Inspired by this and by this, I first did the program with my preschoolers in the morning and then with the older kids after school.
For the preschoolers:
I read "The Dot" by Peter Reynolds, which honestly may have gone over the kids' heads a little bit, but they were attentive and we all took time to pick out our favorite dot in Vashti's art show.
Then I took out some books with examples of pointillism - mostly Seurat. We talked about how big the Grande Jatte painting actually is and discussed how the painting would look if you were very close to it (all dots). This led to several minutes of the kids trying to bring the book close to their faces to see if they could see the dots. Not sure if this was totally effective, but what the heck.
Then we painted our own dots!
There were two stations for this project. At one, the kids could use qtips or pompoms held with clothespins to paint dots.
|Paint plates ready to go!|
I handed out blank pieces of paper for those who were inspired, but I also gave out two templates (a tree and an egg) in case they wanted to paint those instead.
The second station for the preschoolers was much more process art than the first and I basically did it because it sounded like so much fun that I couldn't resist. I allowed myself the loose tie-in of "painting with round things."
I have several empty baby formula cans, so for this project we put half sheets of paper into the cans, squirted some paint inside, dropped in some pom poms, closed it nice and tight (very important!) and shook shook shook it!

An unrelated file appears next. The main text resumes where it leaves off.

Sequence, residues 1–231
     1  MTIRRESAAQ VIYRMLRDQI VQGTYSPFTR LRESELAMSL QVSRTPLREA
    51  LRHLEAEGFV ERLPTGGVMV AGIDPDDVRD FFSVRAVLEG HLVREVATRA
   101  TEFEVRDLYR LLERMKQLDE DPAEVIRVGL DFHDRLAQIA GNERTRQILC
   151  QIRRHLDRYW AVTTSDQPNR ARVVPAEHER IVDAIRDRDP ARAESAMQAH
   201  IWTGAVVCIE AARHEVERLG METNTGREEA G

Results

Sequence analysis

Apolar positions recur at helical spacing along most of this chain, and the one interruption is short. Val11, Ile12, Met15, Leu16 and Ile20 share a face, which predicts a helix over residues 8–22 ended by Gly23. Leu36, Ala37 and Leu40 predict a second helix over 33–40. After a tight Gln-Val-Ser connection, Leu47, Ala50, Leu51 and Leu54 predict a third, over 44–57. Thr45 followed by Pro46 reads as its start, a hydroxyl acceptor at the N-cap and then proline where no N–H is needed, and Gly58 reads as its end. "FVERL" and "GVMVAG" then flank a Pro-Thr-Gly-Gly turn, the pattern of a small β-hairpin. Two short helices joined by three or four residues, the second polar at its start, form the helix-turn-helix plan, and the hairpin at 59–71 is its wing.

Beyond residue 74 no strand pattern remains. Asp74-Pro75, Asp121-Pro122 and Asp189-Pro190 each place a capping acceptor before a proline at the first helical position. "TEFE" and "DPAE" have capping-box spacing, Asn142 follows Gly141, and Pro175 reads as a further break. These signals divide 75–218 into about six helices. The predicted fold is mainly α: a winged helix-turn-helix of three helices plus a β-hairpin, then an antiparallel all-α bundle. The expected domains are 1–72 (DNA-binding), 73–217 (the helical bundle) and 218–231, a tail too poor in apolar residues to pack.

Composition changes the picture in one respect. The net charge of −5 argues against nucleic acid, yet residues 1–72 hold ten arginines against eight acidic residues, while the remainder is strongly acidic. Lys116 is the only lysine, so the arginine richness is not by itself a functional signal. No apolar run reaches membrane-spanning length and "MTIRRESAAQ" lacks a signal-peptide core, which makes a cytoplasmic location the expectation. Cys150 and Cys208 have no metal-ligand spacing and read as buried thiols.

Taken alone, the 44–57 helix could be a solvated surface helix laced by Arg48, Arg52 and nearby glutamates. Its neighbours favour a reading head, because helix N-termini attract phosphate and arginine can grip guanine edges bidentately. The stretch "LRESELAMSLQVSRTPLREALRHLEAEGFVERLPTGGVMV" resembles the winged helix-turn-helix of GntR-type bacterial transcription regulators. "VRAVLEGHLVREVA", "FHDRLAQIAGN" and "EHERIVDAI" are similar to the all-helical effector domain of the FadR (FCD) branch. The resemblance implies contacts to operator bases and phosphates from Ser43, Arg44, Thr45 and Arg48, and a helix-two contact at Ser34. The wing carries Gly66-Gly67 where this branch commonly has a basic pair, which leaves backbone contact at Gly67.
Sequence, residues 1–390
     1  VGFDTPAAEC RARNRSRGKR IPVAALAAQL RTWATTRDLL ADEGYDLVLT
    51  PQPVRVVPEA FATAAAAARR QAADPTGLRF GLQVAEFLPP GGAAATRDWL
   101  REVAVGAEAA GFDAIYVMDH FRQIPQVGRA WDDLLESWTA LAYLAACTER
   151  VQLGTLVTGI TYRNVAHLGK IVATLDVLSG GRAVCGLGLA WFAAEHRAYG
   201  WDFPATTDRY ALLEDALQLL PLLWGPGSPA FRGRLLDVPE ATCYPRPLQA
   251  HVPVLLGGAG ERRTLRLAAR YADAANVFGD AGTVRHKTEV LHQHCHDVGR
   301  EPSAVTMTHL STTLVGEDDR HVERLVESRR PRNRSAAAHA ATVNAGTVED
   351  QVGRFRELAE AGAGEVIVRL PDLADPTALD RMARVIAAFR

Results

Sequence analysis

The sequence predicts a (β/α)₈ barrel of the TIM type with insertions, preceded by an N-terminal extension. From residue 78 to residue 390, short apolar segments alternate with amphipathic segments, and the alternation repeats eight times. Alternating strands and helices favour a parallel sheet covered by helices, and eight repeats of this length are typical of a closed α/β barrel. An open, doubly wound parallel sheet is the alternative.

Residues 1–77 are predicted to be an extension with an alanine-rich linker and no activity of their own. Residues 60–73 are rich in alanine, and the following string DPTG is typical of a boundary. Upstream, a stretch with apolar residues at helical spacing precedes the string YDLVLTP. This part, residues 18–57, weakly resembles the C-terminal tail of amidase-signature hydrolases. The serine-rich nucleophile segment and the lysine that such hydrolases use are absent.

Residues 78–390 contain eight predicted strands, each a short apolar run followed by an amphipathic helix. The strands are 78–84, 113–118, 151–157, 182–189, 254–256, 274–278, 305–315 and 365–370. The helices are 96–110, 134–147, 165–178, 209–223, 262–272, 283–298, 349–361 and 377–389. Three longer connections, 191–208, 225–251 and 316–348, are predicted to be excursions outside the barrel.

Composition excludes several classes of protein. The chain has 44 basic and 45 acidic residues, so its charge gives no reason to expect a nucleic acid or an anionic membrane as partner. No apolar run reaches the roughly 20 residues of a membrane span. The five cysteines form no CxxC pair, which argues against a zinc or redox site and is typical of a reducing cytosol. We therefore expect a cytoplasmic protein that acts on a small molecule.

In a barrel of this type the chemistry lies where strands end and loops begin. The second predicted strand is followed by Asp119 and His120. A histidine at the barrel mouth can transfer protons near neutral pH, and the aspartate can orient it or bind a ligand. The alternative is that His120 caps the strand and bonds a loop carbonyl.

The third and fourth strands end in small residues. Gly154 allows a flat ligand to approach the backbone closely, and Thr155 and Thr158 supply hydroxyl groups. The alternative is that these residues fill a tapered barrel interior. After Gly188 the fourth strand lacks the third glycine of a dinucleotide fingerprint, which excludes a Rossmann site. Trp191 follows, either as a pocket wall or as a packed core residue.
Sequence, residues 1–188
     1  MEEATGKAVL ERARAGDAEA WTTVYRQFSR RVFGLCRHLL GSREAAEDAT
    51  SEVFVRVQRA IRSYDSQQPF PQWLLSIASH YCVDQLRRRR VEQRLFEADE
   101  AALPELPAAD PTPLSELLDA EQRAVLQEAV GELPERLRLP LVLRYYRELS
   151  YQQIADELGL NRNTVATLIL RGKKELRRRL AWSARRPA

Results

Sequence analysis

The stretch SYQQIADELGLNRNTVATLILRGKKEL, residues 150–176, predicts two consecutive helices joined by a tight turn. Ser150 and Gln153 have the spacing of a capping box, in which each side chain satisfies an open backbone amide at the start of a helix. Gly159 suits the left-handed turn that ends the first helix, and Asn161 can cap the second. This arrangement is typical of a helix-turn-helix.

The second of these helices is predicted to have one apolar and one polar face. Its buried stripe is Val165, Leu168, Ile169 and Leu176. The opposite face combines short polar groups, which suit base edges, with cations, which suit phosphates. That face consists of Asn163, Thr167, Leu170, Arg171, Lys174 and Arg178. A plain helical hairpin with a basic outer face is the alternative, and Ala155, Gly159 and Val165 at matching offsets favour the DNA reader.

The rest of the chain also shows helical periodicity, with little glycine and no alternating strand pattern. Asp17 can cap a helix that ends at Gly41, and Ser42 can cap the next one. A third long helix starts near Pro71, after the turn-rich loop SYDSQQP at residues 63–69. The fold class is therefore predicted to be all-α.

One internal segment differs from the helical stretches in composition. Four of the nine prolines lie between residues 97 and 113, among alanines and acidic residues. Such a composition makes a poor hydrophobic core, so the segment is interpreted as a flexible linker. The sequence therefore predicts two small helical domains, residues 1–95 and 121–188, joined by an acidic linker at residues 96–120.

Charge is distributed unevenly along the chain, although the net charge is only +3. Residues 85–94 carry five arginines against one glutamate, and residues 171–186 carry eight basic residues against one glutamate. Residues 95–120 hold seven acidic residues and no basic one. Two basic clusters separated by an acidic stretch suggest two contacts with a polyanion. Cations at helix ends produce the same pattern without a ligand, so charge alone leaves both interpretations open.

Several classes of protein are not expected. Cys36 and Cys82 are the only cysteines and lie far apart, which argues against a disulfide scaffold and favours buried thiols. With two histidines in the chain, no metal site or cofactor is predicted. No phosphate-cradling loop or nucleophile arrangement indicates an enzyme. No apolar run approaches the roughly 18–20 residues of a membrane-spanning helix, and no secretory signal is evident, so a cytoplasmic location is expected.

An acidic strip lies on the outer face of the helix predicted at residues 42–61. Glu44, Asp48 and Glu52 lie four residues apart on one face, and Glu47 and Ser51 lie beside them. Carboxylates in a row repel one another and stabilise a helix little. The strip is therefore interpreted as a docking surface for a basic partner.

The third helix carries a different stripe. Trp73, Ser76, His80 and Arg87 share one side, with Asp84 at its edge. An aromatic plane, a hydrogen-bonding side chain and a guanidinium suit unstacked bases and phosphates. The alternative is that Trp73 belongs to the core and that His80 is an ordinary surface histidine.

|All the necessary ingredients.|
For my afternoon Discovery Club, we started in much the same way. We read The Dot, declared a favorite dot in Vashti's display, and talked about Seurat. The conversation was a little more in-depth this time, but they still tried to look very closely at the book. (Maybe I should do a Magic Eye program....).
The older kids also got blank papers, eggs, and trees, but for them I printed out a simple landscape (from a free coloring page website) that they could fill in with dots. They got q-tips to paint with, but no pompoms this time around!
The results were varied and wonderful. I found this program was one of the easiest to scale up and down for preschool and for the afterschool crowd. Everyone painted according to their ability and taste and everyone was proud of their masterpieces.